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Sex In The City-The Roman Empire

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Sex in the times of the Roman Empire was much less taboo than it is in today's society. If you could go back in time and walk around the streets of Rome you would find sex everywhere. From graffiti on walls, to brothels in the middle of town, sex just did not have the stigma and guilt that we associate with it today. No men took advantage of this more than the men with the most power, the emperors. Although many of the Roman Emperors were perverse you only have to look at the first three to find how the morals for the Roman Empire were set.

There is no better place to start talking about sex in the Roman empire than with the first emperor, Augustus. Born Gaius Octavius in 63 BC, he was destined for greatness from the very beginning. When he was born the astrologer Publus Nigidius Figulus said "The ruler of the world is now born (Everitt 36)." Octavius caught the attention of his uncle Julius Caesar while speaking at a funeral. Caesar took to Octavian immediadtly and at age seventeen Octavian accompanied Caesar to Spain. When Caesar was assassinated in 44 BC, Octavian found that he had been adopted as his heir. Immediately this sparked controversy and many, including Caesar's close friend Mark Antony, accused Octavian of having sex with Caesar to encourage his adoption (Cawthorne 48). When Octavian defeated Mark Antony at the Battle of Actium, he renamed himself Augustus and became the first emperor in the new Roman Empire. While emperor, Augustus put in the books several laws to create a more moral Rome. Augustus did all he could to encourage marriage and fidelity in his laws even going as far as trying to pass laws that imposed fines for failing to marry. Also added to the books were laws discouraging adultery, pediphellia, and divorce (Everitt 154). Though in his life as Emperor Augustus was a champion of virtue, in his private life he was anything but that. By this time Augustus had divorced his first wife, Scribonia, and married Livia. During his divorce from Scribonia Augustus accused her of "moral perversity", but in reality Scribonia had fallen in to ill favor with one of Augustus' mistresses (174). In a letter attempting to repair relations between Augustus and himself, Mark Antony wrote "And what about you? Are you faithful to Livia Drusilla? My congratulations if, when you receive this letter, you are not in bed with Tertullia, Terentilla, Rufilla, or Salvia Titisena Ð'- or all four of them (Suetonius 87)." Even in his choice of a new wife Augustus stirred up controversy. At the time of their engagement Livia was already married to Tiberius Claudius Nero and was six months with child. Many Roman priest believed that marrying a pregnant woman should not be allowed and Augustus even forced Livia's old husband to pay a dowry to Augustus. The famous historian Suetonius wrote of Augustus "That he was given to adultery not even his friends deny, though it is true that they excuse it as committed not from passion but from policy, the more readily to track of his adversaries' designs through the women of their households.(86)" Suetonius goes on to accuse Augustus of taking wives away from husbands during dinner parties to satisty his sexual appetite. Augustus never grew out of his sexual desire and was said to enjoy deflowering virgins, most of which were supplied by his own wife, in to his later years (Suetonius 88). On August 19th, 14 AD Augustus Caesar died in his bed. Although Augustus was hypocritical in his public life and his personal life, Rome was about to have a new Emperor who was much worse.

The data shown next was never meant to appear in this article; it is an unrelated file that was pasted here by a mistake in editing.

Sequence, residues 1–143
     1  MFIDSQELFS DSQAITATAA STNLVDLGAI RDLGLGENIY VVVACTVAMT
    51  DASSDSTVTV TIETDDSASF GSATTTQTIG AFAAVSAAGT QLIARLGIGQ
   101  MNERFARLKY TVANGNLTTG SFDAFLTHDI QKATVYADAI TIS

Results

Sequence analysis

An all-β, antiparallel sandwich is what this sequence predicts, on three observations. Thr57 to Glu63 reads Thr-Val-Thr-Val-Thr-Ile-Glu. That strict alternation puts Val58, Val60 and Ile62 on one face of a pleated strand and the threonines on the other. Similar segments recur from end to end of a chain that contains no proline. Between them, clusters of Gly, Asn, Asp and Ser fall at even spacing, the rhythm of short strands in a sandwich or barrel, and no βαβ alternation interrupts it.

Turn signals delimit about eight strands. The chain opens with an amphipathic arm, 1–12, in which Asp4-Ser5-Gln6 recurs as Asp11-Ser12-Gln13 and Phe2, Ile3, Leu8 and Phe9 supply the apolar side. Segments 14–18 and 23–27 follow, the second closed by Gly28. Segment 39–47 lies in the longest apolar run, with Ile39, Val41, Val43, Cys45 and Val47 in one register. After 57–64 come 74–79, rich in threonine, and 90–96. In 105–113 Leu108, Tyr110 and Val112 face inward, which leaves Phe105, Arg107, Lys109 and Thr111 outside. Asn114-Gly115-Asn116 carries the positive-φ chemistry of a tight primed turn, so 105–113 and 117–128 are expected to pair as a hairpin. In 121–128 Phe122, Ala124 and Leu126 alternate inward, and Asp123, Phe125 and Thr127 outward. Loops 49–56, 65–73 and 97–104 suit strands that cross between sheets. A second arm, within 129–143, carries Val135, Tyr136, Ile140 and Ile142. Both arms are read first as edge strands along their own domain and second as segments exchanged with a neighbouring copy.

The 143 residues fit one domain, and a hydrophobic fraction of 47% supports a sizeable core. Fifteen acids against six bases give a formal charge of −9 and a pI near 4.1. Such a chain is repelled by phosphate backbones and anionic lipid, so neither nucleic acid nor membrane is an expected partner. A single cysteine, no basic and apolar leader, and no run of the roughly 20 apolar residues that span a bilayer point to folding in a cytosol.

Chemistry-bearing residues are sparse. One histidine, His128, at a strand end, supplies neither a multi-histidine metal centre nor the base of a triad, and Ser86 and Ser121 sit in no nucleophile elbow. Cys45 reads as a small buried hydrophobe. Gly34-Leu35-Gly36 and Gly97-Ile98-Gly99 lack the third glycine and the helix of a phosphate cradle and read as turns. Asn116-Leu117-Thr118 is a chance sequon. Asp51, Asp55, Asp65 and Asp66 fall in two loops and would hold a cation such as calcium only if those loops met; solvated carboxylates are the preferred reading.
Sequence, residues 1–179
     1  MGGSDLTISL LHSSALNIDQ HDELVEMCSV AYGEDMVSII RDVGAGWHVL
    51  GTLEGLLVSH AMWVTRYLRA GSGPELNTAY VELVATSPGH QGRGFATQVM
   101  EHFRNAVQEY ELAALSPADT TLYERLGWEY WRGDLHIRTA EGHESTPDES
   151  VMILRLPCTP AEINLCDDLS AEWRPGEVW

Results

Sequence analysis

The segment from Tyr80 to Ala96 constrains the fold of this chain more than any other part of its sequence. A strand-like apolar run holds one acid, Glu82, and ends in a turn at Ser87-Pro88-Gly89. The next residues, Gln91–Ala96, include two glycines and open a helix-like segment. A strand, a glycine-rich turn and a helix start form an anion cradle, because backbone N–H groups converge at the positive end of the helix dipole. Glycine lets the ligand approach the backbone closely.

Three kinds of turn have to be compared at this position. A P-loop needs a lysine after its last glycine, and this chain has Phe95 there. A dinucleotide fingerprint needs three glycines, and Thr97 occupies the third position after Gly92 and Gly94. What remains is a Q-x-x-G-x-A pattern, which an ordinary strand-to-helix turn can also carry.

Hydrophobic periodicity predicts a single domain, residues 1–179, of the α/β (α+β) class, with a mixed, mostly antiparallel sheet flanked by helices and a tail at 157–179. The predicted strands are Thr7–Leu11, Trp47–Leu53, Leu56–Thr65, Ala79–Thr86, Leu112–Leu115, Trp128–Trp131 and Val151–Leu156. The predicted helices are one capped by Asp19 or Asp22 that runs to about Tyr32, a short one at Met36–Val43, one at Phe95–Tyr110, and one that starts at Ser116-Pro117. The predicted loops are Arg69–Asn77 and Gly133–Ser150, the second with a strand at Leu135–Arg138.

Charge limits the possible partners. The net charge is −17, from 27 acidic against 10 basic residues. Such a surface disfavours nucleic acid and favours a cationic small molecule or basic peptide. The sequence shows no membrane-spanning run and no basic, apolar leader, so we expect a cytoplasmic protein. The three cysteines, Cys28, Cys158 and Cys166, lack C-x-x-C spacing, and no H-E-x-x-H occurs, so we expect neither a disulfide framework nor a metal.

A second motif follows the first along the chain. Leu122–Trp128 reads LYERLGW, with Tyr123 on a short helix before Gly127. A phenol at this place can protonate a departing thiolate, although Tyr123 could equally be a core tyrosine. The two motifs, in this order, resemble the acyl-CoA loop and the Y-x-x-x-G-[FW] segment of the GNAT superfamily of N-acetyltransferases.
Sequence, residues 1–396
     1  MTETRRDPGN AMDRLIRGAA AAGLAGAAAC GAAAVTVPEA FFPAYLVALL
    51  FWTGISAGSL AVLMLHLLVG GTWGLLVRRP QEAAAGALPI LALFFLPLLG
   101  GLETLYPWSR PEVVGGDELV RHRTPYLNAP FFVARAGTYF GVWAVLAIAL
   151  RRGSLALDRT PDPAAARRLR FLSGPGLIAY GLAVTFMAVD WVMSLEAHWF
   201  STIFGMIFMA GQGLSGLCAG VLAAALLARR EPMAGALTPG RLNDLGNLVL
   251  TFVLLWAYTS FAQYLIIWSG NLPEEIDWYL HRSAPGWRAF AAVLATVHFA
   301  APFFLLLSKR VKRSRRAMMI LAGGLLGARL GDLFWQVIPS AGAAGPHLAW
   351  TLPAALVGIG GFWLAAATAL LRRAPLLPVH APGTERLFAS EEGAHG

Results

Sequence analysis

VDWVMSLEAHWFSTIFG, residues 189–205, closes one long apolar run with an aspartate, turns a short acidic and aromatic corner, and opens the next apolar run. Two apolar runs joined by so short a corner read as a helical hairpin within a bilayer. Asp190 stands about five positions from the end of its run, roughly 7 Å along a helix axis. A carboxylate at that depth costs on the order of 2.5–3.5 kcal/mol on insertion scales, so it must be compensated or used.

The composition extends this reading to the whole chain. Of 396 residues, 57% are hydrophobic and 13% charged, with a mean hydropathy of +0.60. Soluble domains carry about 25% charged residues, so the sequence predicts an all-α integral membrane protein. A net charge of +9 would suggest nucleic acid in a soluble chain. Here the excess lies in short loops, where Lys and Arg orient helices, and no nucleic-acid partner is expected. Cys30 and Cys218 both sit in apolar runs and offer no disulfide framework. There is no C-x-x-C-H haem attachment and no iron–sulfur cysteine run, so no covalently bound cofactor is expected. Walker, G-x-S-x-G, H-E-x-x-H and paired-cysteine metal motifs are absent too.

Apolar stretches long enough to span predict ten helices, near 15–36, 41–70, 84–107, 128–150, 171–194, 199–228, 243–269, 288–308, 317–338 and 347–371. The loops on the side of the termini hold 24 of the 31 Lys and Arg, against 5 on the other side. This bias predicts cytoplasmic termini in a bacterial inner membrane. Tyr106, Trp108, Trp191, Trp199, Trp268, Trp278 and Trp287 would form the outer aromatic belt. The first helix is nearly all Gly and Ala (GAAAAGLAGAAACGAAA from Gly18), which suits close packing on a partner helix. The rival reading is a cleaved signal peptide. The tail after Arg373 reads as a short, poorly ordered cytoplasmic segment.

With the death of Augustus Tiberius, son of Livia and adopted son of Tiberius, became the new Emperor of Rome. One of the first things that Tiberius did when he came in to power was to reverse the laws that Augustus put in to place trying to protect the morality of Rome. Tiberius spent very little time in Rome during his reign as Emperor and retired to the country to spend the last eleven years of his life. While living in the country Tiberius set new standards of debauchery, going as far as creating a new government office "for the originating of unfamiliar carnal pleasures (Cawthorne 67)." Also at his villa in the country Tiberius housed young boys and girls to peform sexual acts in front of him to arouse his wanning sex drive. The historian Suetonius lays several scandolus allegations at the feet of Tiberius including raping two young boys at a sacrifice. It is said that when the two boys objected to the way Tiberius treated them that he had their legs broken. It is also said that Tiberius was awful. When one woman showed that she did not want to do what he told her to, Tiberius had informers lay false accusations against her and then showed at her trial shouting "Are you sorry now (68)?" Luckily for Rome, Tiberius accomplished very little in his time as Emperor and spent the majority of his time in isolation. Unfortunatly for Rome the man that would become Tiberius' heir would be much worse.

Born Gaius Julius Caesar Germanicus, Caligula got his nickname meaning "little boots" from the miniature army boots he wore as a child. After his parents and two older brothers died, Caligula was forced to live with Emperor Tiberius in his villa. In fact it was Tiberius who arranged for Caligula's mother and two brothers to be killed (Suetonius 150). Forced to be at the whim of an old man who killed most of his family, Caligula was doomed to witness and participate in disgusting acts of torture and depravity.



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